• The ’50s were almost cartoonish in the development of inventions meant to predict or create the future. Flying cars? Check. Hovercars? Sure. Witness the Aerocar, developed in 1949 by Moulton Taylor and tested here […]

  • This Bonneville Salt Flats racer in 1958 is rebuilding a Chrysler Hemi in the parking lot of the hotel in Wendover, Utah. It was not at all uncommon. If you have not seen the movie “World’s Fastest Indian,” you […]

  • Because it wasn’t good enough to only invent one hobby, Duffy Livingstone’s Go-Kart Manufacturing Company also popularized the minibike, which was first known as the Go-Kart Cycle. Many imitators popped up, the […]

  • Nathan Ostrich was a doctor in Whittier, California, who decided in 1959 that he needed to build a jet-powered car to set the ultimate land-speed record. So he did that, all in his one-car garage. The Flying […]

  • We keep bringing up Kurtis Kraft, the shop that made winning Indy race cars, quarter midgets, and road-going sports cars. Another invention out of that shop was the go-kart, created by fabricator Art Ingels in […]

  • This is among the greatest stories in hot rodding. Back in the late ’50s, Duffy Livingstone decided that road-racing (then called sporty-car racing) was turning him on more than the dry lakes and drag racing […]

  • Someone has to be the first to try the crazy stuff, but does it seem so crazy that a military-surplus parachute could be used to stop a car? The first to try that on a drag strip was reportedly safety pioneer Jim […]

  • We had to include this to prove that we’re not the only ones with problems flat-towing, which was the predominant method of moving around race cars and even show cars of the ’50s. In this case, the truck being […]

  • Think twin turbos are special? In 1956, twin centrifugal superchargers were the fast way to crazytown. This is a ’55 Chevy built by Howards Cams with two McCulloch blowers, which brings us to Robert Paxton […]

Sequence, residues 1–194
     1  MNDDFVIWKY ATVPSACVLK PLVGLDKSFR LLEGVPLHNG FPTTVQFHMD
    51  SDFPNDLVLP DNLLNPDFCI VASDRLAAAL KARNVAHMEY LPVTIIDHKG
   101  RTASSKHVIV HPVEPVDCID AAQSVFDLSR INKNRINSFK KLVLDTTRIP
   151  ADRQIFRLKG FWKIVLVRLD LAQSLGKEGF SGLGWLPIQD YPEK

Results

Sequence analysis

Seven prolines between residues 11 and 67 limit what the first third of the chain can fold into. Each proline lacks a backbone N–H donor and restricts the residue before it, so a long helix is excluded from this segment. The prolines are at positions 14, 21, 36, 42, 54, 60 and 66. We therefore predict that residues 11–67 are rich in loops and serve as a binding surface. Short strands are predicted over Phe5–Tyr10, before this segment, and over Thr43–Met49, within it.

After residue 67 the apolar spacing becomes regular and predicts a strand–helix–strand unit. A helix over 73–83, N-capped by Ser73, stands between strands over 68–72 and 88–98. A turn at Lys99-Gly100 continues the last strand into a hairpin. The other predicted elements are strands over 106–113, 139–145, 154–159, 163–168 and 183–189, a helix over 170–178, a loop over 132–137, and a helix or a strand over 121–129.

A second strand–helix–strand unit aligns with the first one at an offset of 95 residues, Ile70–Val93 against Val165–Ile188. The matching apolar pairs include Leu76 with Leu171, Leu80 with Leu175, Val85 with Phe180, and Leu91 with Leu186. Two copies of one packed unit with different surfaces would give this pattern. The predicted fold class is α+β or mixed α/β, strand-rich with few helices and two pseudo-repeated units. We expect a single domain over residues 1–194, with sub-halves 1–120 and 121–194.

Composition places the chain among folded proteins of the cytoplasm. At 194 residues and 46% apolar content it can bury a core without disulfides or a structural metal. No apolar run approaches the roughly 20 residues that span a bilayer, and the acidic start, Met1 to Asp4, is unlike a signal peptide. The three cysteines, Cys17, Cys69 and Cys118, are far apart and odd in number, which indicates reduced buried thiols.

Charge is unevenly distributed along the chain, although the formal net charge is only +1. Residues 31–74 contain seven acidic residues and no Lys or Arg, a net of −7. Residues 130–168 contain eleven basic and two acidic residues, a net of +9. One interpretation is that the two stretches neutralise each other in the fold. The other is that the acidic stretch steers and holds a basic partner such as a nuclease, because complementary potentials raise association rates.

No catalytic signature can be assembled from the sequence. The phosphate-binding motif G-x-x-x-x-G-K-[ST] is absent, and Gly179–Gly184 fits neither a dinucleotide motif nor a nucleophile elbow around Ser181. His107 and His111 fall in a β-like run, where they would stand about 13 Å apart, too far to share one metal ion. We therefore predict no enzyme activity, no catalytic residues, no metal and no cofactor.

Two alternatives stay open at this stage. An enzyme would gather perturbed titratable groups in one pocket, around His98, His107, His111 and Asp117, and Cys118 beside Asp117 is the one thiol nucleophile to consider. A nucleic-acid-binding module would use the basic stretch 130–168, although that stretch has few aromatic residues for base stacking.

• The hot rodders’ challenge has always been to observe a set of rules or circumstances and overcome them with creativity. In the ’50s there were no sand cars or dune buggies. Solution 1: Get an old truck, and whack […]

  • Bud Coons was a member of the original Drag Safari, a crew sent on the road by the National Hot Rod Association in 1954 to show local clubs how to organize a safe drag race. It was a thrash with four guys in a […]

  • Long before ROADKILL ran over a Prius with a tank, car-mag guys have been fascinated with them. Tanks, we mean, not Priuses. In ’56, Motor Trend “tested” a Renault FT-17 WWI French tank, seemingly in the […]

  • It’s not just about driving garbage. It’s about making a personal statement. “Forget paint, I’m gonna make this thing work.” Sometimes work is going fast. Other times it means just becoming functional rather than […]

  • This radical ’57 Plymouth was one of Hot Rod’s first project cars. It was called “Suddenly,” a tribute to Plymouth’s ’57 ad campaign: “Suddenly, It’s 1960,” referring to a leap ahead in styling. Audaciously […]

  • The ’50s were a time of experimentation, and one of the most popular ideas—and one that Chrysler fiddled with extensively—was turbine power for cars. The first turbine car on the cover of Hot Rod (June 1955) was […]

  • In 1956, there wasn’t any professional drag racing. Even here at the NHRA Nationals in Kansas City, which was the top race in the country, guys worked it like this, with surplus tents as accommodations. Even the […]

  • In 1958, Don Clarkson was a drag racer in SoCal’s San Fernando Valley with a novel idea for running a supercharger in his ’35 Willys coupe that was powered by a 331ci Chrysler Hemi. A GMC-style roots supercharger […]

  • It’s hard to imagine being the one guy who invented a whole new style of car that became a craze for two decades, but Norm Grabowski was that guy.

    He invented the T-bucket, creating an all-new look and a […]

  • Some you love, some you hate, some you kick to the curb and then wish you hadn’t. It’s a cycle for every car sicko who buys and sells whole fleets of project cars every year, and we’re the Typhoid Marys of […]

  • The Daytona Speedway you know as a NASCAR superspeedway was opened in 1959. Before then, they had this great idea: Race down the paved costal highway then hang a high-speed left onto the soft, sandy beach. No one […]

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